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Part 3 of 3: Give Me Your Tired, Poor and Huddled Masses
by Cookie Curci
My grandfather never spoke much about his early days in America, or the long ship ride over the ocean, but he often mentioned the awesome feeling he experienced as a young boy when his steamer ship from Naples, Italy, approached Ellis Island. The moment was engraved in his memory. He recalled the almost eerie silence that fell over the ship; how his papa, who he had never seen cry, was now weeping openly as Lady Liberty came into view, embracing his wife and three children with uncontrollable joy.
My grandmother and her two young siblings came to America as orphans. After losing their parents to influenza, the young trio pooled their resources and boarded a ship for America. To them, the sight of the grand, historic, lady meant hope for a new and better life. The grand statue had come to embody the spirit of their new land--exemplifying hope and prosperity.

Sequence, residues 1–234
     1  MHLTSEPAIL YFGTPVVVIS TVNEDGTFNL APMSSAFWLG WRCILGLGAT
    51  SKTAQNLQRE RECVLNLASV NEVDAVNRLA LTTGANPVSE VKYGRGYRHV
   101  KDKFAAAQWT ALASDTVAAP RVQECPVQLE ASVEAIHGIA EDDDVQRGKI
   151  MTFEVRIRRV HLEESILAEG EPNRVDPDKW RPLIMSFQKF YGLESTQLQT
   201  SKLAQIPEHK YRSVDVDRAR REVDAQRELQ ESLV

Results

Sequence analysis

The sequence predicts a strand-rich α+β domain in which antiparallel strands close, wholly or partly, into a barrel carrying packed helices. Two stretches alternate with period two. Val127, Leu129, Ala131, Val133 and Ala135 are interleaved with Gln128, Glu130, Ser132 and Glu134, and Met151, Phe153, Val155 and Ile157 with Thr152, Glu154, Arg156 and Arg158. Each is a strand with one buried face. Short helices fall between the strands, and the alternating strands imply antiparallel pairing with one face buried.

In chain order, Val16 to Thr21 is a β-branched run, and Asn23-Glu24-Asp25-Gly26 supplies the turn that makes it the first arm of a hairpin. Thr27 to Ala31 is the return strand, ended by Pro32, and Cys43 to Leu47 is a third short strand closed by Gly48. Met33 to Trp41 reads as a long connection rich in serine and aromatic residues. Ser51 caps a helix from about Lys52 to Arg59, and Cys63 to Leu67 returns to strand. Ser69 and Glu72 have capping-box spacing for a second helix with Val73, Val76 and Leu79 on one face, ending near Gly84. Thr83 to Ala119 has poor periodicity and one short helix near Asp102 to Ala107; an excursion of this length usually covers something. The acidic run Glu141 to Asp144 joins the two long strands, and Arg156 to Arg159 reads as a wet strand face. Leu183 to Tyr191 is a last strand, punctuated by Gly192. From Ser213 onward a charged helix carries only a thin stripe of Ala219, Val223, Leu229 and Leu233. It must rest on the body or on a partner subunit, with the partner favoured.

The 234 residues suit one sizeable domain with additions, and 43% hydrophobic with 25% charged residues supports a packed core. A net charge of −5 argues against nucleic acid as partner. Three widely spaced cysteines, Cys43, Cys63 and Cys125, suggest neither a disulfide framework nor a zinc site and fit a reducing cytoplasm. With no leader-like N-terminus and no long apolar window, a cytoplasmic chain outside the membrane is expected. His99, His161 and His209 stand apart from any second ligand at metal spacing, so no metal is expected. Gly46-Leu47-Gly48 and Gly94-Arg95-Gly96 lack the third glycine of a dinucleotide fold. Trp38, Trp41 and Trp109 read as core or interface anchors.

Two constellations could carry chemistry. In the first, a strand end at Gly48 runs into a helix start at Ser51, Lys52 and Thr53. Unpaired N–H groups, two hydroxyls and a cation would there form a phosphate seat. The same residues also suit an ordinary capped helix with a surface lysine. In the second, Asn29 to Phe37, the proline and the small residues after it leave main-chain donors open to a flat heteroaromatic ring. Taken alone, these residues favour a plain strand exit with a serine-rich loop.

Whenever I asked my grandmother where she found the courage to take that voyage of a lifetime, she would invariably say, in her native Italian: "A ship is safe in port, but that's not where a ship was meant to be." She was right of course. A ship is meant to challenge the elements, ride the high seas and risk being sunk. Desire alone just doesn't cut it.
Tales of our immigrant ancestors are repeated again and again across America. From father to son, from grandmother to grandchild, we keep the legacy alive with every story told, with every memory recalled. It is their spirit of adventure that grounds us to this country and it is that same spirit that gives us our wings.
On the plaque of the Statue of Liberty is the poem, "The New Colossus" written by Emma Lazarus. The following words from that poem hung proudly framed on the wall of my grandparents' home throughout their lifetime: "Give me your tired, your poor, Your huddled masses yearning to breathe free, The wretched refuse of your teeming shore. Send these, the homeless, tempest-tost to me, I lift my lamp beside the golden door!"
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